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Newly Diagnosed with Prostate Cancer 10-29-2020

Jay2512
Posts: 1
Joined: Nov 2020

I am 53 and I was diagnosed with PC on 10-29-2020. I have a Gleason Score 3 + 4 = 7. 12 samples were collected and 5 came back positive. I need information on what treatment I should choose. Bone Scan negative and CT scan negative.

     PSA                      9.20                09/22/2020          
     PSA                      2.55                11/26/2018          
     PSA                      2.63                03/15/2017          
     PSA                      1.92                02/18/2016          
     PSA                      1.56                09/05/2014          
     PSA                      1.90                06/06/2013   

Final Diagnosis
A. Prostate, right base, core biopsy:
- Prostatic adenocarcinoma, Gleason score 3+3=6 (Prognostic grade group 1) involving 5% of the length of one core
- One of two cores involved

B. Prostate, right mid, core biopsy:
- Prostatic adenocarcinoma, Gleason score 3+3=6 (Prognostic grade group 1) involving 5% of the length of one core
- One of two cores involved

C. Prostate, right apex, core biopsy:
- Small focus of atypical glands, suspicious for adenocarcinoma, see comment

D. Prostate, left base, core biopsy:
- Prostatic adenocarcinoma, Gleason score 3+4=7 (10% pattern 4)

(Prognostic grade group 2) involving 70% of the length of one core discontinuously. 


- Prostatic adenocarcinoma, Gleason score 3+3=6 (Prognostic grade group 1) involving 80% of the length of one core discontinuously
- Two of two cores involved
- High grade prostatic intraepithelial neoplasia

E. Prostate, left mid, core biopsy:
- Small focus of atypical glands, suspicious for adenocarcinoma, see comment

F. Prostate, left apex, core biopsy:
- Prostatic adenocarcinoma, Gleason score 3+3=6 (Prognostic grade group 1) involving 30% of the length of one core  discontinuously
- One of two cores involved

Prostate Grade Group
The highest Gleason score is 3+4=7 (Prognostic grade group 2)

  

Clevelandguy
Posts: 693
Joined: Jun 2015

Hi Jay,

The treatment plan to choose is the best one for your chance of being cancer free.  The 3+4 is on the slightly agressive side(more than a 3+3).  With that being said you need to study the two basic forms of treatment most people choose which is some  form of radiation or surgery.  The American Cancer Society has some good basic info on all of the types currently being offered.  Each different treatment offers it own unique side effects and benefits.  The only other way is with Active Surveliance which means monitoring the cancer growth via biopsy every so often but at 3+4 if it was me I would not go that route. With my cancer I wanted to know where in the prostate my cancer was ie; deep inside or right at the edge of the gland which gave me an idea on how fast I needed to move.  The choice is between you, your doctor(s) and family based on the diaganostic tests done so far.  Great doctors + great facilities = great results.  I have included some links to get you started.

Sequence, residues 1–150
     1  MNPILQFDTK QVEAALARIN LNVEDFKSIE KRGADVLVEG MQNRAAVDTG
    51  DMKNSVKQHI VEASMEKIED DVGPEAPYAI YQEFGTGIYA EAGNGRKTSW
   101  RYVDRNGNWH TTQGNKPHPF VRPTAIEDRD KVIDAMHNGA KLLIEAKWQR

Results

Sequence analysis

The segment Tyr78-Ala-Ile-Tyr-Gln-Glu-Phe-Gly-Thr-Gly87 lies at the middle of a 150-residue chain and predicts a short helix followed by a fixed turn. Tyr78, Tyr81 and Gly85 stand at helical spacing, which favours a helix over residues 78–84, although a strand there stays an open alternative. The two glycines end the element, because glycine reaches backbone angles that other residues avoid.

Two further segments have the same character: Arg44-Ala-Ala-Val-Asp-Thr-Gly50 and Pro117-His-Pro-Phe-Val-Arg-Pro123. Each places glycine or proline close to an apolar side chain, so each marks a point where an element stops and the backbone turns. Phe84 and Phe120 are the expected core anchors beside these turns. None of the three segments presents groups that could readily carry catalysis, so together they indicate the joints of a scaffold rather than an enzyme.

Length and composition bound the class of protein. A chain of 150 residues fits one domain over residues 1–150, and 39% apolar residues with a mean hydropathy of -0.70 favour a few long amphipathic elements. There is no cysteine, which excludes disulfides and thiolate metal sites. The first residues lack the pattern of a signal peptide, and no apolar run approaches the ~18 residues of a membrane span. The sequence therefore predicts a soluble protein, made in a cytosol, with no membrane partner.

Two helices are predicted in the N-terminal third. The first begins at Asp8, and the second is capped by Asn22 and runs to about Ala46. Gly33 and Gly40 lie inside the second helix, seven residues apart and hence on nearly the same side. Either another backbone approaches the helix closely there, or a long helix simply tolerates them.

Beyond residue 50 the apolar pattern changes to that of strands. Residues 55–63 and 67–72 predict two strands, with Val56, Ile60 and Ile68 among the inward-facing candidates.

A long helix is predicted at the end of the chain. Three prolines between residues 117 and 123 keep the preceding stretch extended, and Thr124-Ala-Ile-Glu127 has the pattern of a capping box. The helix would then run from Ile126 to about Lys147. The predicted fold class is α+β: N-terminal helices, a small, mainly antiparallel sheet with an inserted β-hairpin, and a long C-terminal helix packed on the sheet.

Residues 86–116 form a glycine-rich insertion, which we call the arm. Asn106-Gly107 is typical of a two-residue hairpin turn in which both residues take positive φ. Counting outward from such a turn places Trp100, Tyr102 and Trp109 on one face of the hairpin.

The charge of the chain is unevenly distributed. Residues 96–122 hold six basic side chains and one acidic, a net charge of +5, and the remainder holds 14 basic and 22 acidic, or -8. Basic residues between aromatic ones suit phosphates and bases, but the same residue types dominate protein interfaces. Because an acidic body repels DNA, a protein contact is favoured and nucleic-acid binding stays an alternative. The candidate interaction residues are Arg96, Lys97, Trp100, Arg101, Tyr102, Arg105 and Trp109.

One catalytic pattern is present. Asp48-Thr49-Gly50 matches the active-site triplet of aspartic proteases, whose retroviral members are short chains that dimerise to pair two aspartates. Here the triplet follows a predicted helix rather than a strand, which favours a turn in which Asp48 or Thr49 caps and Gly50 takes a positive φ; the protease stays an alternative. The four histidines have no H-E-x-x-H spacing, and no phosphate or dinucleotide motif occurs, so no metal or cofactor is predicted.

https://www.cancer.org/cancer/prostate-cancer/treating.html

https://www.webmd.com/prostate-cancer/guide/prostate-cancer-treatments#1

 

Dave 3+4

 

hopeful and opt...
Posts: 2331
Joined: Apr 2009

A CT scan is not the best scan. A preferred scan is T3 MRI which may show extracapsular extension, that is if cancer has escaped the capsule. This is important to determine the best treatment. 
Also the American Urological Association does not recommend a bone scan for men who do not have a Gleason 8 or above since the results arehighly like  to be negative. 

SBRT aka Cyberknife is a high dose radiation treatment that you may wish to consider among other treatments . Depending on the doctor there are 4 or 5 treatments within two weeks. 

Max Former Hodgkins Stage 3's picture
Max Former Hodg...
Posts: 3666
Joined: May 2012

Jay,

A CT is of little value in spotting PCa, at least until it is widely metastatic and the tumors have gotten large, and your results thus far do NOT suggest such a scenario for you.    A CT will not ordinarily spot tumors smaller than around 4 MM, and early PCa tumors are almost never that big.   An MRI is much more useful in spotting early PCa, as Hopeful noted.    I learned most of this through (1) my own PCa journey, and (2) LOTS of CTs and PETs during my 10 year journey with Lymphoma.

Tech70
Posts: 69
Joined: Nov 2017

With only one of the positive cores being scored Gleason 3+4, I would strongly suggest you get a second pathologist to evaluate your slides.  I have twice had a biopsy sample rated at G 3+4.  I had the sample sent to Dr. Epstein at Johns Hopkins for re-evaluation and both times the result was a re-rating of 3+3.  If your cancer is Gleason 6, you might be a candidate for Active Surveillence. I have been on AS since being diagnosed 3 years ago, and my cancer shows no signs of progressing.

Old Salt
Posts: 808
Joined: Aug 2014

In addition to the advice given above, 'regulars' on this forum typically emphasize to get second opinions on proposed treatment plans. Also, urologists are surgeons and often recommend surgery. To get good advice on radiation therapies, you should definitely consult with a radiation oncologist.

PS: my urologist (bless his heart) actually recommended radiation for me...

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